US 7870716 B2
A pocket-sizing apparatus for a device that inserts staple drivers into pockets aligned to form a slot in a surgical staple cartridge. A fin extends from a driver guide fixture for insertion into the slot. The fin increases the size of the slot, thereby aiding in inserting drivers into the pockets. Preferably a second fin extends from the driver guide fixture adjacent the fixture passage and aligned with the first fin. A gap is formed between the first and second fins, extending from a first edge to an opposite edge of the fixture passage. The driver is driven through the gap. The fins are substantially equal to the thickness of the driver. The fins have tapered leading edges to aid cartridge insertion and removal, and a lip extends from the driver guide fixture for preventing the fins from widening the slot too much and for narrowing an overly wide slot.
1. A pocket-sizing apparatus for a device that inserts at least one staple driver into at least one pocket aligned to form a slot in a surgical staple cartridge, the device includes a cartridge-receiving plate having a channel configured to receive a cartridge, a driver guide fixture mounted adjacent the channel with a fixture passage to receive and guide said at least one driver into said at least one pocket, a cutter mounted with at least one sharp edge adjacent the fixture passage, a plunger aligned with the fixture passage for forcing the driver toward the fixture passage, the pocket-sizing apparatus comprising: a first fin extending from the driver guide fixture adjacent the fixture passage toward the channel for insertion into said slot in the cartridge.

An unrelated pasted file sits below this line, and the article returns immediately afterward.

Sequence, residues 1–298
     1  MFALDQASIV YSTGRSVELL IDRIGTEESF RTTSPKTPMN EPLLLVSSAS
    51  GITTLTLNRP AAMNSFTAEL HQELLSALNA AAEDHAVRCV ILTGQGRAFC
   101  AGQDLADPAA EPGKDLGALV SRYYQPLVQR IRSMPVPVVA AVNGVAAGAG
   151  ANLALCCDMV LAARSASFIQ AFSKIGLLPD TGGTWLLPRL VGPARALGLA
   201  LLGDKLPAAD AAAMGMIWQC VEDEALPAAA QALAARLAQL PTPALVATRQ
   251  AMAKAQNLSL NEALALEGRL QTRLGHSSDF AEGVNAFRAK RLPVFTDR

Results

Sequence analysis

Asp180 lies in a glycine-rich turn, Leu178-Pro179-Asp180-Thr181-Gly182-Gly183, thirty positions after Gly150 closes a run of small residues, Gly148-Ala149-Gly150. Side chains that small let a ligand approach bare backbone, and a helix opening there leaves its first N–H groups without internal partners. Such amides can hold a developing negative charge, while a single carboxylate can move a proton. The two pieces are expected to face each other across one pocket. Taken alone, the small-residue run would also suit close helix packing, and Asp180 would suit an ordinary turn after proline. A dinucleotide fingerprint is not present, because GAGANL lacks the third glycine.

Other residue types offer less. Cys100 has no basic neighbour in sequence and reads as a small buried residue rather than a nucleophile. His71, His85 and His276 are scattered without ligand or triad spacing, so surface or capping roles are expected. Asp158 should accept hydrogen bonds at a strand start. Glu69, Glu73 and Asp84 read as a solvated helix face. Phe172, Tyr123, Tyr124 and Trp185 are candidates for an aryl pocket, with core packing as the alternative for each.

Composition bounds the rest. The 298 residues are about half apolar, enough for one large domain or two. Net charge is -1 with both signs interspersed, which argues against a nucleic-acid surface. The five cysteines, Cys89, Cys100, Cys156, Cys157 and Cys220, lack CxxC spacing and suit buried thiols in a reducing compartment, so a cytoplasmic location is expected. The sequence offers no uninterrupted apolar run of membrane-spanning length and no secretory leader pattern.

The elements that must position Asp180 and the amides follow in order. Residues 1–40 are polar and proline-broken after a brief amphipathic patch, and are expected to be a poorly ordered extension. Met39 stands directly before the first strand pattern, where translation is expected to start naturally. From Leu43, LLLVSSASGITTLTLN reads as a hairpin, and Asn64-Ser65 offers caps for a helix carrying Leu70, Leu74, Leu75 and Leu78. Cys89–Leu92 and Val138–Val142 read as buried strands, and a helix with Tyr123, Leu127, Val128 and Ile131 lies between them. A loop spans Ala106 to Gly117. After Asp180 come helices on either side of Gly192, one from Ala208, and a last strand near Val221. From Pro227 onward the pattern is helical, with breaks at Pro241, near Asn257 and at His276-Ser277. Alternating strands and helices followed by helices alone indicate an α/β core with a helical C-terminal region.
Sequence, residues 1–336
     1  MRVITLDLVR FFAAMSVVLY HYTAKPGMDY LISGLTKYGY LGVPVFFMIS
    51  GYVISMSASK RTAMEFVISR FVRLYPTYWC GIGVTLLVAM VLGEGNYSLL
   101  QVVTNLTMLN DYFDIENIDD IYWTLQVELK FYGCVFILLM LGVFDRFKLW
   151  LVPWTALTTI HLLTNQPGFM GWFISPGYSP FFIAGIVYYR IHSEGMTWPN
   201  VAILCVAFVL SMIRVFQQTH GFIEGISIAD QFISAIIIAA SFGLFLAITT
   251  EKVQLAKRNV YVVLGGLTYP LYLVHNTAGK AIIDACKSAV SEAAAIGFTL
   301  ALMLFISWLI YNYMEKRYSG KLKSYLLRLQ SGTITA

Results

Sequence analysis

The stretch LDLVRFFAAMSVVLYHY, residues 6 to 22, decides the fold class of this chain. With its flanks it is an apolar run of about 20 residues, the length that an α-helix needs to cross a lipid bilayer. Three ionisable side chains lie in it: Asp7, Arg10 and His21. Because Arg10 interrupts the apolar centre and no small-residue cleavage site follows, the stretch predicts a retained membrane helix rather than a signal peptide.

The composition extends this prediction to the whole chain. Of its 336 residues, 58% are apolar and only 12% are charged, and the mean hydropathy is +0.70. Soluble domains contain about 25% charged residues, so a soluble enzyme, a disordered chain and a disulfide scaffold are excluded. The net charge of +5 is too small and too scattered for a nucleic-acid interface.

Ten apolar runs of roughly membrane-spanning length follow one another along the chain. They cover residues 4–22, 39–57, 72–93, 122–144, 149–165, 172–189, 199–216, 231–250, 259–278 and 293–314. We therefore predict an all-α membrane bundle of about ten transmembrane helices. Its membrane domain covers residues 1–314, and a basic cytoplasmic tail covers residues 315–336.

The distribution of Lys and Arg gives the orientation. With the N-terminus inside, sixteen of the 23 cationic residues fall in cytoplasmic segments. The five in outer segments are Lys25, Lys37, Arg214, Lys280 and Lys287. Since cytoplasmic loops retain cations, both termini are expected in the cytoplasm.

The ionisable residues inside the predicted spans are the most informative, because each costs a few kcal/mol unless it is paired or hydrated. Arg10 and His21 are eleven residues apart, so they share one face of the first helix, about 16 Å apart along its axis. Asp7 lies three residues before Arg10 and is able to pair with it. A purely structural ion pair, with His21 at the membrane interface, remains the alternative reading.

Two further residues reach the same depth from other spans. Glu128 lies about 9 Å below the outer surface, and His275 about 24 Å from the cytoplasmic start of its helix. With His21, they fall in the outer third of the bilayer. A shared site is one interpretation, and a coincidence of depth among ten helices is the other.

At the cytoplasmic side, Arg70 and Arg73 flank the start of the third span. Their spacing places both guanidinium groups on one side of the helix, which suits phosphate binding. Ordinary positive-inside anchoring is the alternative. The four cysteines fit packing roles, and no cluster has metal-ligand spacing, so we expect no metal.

2. The pocket-sizing apparatus in accordance with
3. The pocket-sizing apparatus in accordance with
4. The pocket-sizing apparatus in accordance with
5. The pocket-sizing apparatus in accordance with
6. The pocket-sizing apparatus in accordance with
7. An apparatus for inserting at least one staple driver into at least one pocket aligned in at least one row in a surgical staple cartridge, said at least one row forming a slot, the apparatus comprising:
(a) a cartridge-receiving plate having a channel configured to receive a cartridge;
(b) a driver guide fixture rigidly mounted adjacent the channel, the driver guide fixture having a passage formed therein to receive and guide said at least one driver into said at least one pocket, said passage having
(i) a first region with converging, tapered walls; and
(ii) a second region with walls having dimensions for fitting closely around at least part of said at least one driver;
(c) a cutter rigidly mounted adjacent the channel, the cutter having at least one sharp edge for severing said at least one driver from a driver holder, said at least one sharp edge disposed at an edge of the passage;
(d) a plunger aligned with the passage for forcing the driver toward the fixture passage, thereby causing the driver holder to engage said at least one sharp edge and separate the driver from the driver holder; and
(e) at least one fin extending from the driver guide fixture toward the channel for insertion into said slot.
1. Field of the Invention
The present invention relates generally to an apparatus and a method for inserting discrete articles into surgical cartridges, and more particularly relates to an improved device and method for inserting staple drivers into surgical stapling cartridges.
2. Description of the Related Art